To-Do List - January

by Karen Bodner, MG
Vegetables

Being one of the slowest gardening months, January is a good time to go through old seeds and do germination tests if questionable. If your soil is workable, plant peas and sweetpeas. If not, put plastic over the beds to let them dry out so you can work them later; be sure to elevate the plastic to provide some circulation.


Flowers, herbs, and bulbs

Sow perennials in four- or five-inch pots and place in a coldframe for necessary cold conditioning (stratification). Examples: Alchemilla, Leontopodium, Primula, Saxifraga.


Fruits and nuts

Go ahead and plant the fruit trees you just couldn't wait to have. You can also take scion cuttings for grafting. Be sure to keep them moist by putting them in a cool place in a plastic bag with a damp cloth or sphagnum moss and placing them in a cool, dark place.

If your cherry trees suffer from bacterial cankers, spray them with copper fungicide with a spreader-sticker. Mid-month is the time for second spray on peach trees against peach leaf curl.


Trees and shrubs

If your roses tend towards disease, spray with lime sulfur or a copper fungicide for general disease control. Prune holly trees.


Vegetative propagation

Hardwood cuttings: deciduous ornamental shrubs and trees.

Sow in pots: alpines and shrubs and place in a coldframe for necessary cold conditioning (stratification) (e.g., Picea, Pieris).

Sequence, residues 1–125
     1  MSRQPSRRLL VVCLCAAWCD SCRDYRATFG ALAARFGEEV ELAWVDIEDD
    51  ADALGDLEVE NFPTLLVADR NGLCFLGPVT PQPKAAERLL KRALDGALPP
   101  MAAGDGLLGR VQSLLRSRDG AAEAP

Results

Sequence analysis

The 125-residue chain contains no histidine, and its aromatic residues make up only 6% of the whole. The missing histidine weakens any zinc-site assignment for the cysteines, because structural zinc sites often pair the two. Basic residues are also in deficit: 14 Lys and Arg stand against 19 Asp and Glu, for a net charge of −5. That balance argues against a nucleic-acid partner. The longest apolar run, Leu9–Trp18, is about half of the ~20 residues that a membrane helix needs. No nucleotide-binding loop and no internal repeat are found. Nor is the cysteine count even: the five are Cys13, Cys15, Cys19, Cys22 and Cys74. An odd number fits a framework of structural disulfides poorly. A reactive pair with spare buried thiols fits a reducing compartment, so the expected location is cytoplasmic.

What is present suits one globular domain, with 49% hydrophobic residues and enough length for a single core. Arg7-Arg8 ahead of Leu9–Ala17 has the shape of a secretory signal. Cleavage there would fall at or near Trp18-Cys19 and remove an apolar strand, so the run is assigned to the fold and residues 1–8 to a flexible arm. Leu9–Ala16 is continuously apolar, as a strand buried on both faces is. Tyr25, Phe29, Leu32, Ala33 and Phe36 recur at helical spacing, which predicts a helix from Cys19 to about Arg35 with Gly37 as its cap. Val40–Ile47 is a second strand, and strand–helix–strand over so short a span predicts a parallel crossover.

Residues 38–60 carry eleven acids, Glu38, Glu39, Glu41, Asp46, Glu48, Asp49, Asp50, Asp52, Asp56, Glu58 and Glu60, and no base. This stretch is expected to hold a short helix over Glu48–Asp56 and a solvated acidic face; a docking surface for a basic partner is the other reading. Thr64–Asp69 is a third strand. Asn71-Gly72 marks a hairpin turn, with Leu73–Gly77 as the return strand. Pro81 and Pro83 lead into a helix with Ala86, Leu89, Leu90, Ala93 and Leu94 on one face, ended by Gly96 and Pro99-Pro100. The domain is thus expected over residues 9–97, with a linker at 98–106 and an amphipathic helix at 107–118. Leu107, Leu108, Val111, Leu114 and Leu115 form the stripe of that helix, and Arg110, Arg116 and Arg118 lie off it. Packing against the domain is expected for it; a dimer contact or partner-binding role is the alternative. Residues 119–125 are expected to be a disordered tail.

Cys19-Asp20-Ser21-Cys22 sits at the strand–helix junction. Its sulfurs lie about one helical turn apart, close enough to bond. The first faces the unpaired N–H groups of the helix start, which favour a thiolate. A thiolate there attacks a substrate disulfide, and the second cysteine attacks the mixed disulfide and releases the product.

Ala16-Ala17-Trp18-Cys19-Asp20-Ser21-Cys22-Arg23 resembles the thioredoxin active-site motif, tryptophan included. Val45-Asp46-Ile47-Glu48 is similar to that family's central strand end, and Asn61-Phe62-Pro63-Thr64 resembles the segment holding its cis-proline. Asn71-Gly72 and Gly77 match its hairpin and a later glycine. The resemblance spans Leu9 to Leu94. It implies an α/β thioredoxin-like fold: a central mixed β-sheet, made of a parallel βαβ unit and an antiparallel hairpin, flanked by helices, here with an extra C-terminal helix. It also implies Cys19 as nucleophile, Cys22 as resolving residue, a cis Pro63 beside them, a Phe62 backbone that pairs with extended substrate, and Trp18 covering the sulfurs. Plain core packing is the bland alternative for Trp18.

General gardening

Take soil tests if needed; make up potting mix and put in a protected container. That way you'll be raring to go when time comes. Don't forget to water shrubs and other plants underneath eaves. Branches from shrubs and trees such as forsythia, quince, and flowering cherries can be brought inside for forced indoor blooms.


IPM

For the most part, insects are pretty much subdued right now and taking their winter holiday; stages are pretty much the same as last month. I've found several grubs and a few pupae when working various beds, so at least those guys won't be bothering my garden next year. Some of them will, however, grace our insect reference collection.

A =Adult, E =Egg, P =Pupa, L =Larva, N =Nymph Beneficials are italicized
rove beetles-A
western damsel bug-A
big-eyed bug-N
minute pirate bug-A
green lacewing-P
ladybeetle-A
syrphid fly-P
tachinid parasite-P
wasp parasite-P
predator mite-A
cinnabar moth-P
honey bees-A
alfalfa leafcutting bee-L

aphids-E
onion thrips-A
carrot rust fly-L
symphyllans-AN
green peach aphid-E
wireworm beetle-AL
cucumber beetle-A
asparagus beetle-A
variegated cutworm-L
western cherry fruit fly-P
peach twig borer-L
peachtree borer-L
apple aphids-E
codling moth-L
corn earworm-P
imported cabbageworm-L
cabbage looper-P
cabbage maggot-P
cabbage aphid-E
western potato flea beetle-A
pear sawfly-P
pear psylla-A
root weevil-L
spider mites-A
pea weevil-A
greenhouse whitefly-N
elm leaf beetle-A
bark beetle-A
white grub beetles-AL
bean and currant aphids-E
stink bugs-A
pea aphid-E
western flower thrips-A
onion maggots-P
leafroller-L
filbertworm-L
filbert leafroller-E
raspberry crown borer-L
strawberry aphid-E
holly and soft scale-N
rose leafhopper-E
grasshopper-E
strawberry crown moth-L
beet leafhopper-A
western raspberry fruitworm-A
slugs-A
young walnut husk fly-P
sod webworm-L
fall webworm-P
boxelder bug-A
seed corn maggot-P
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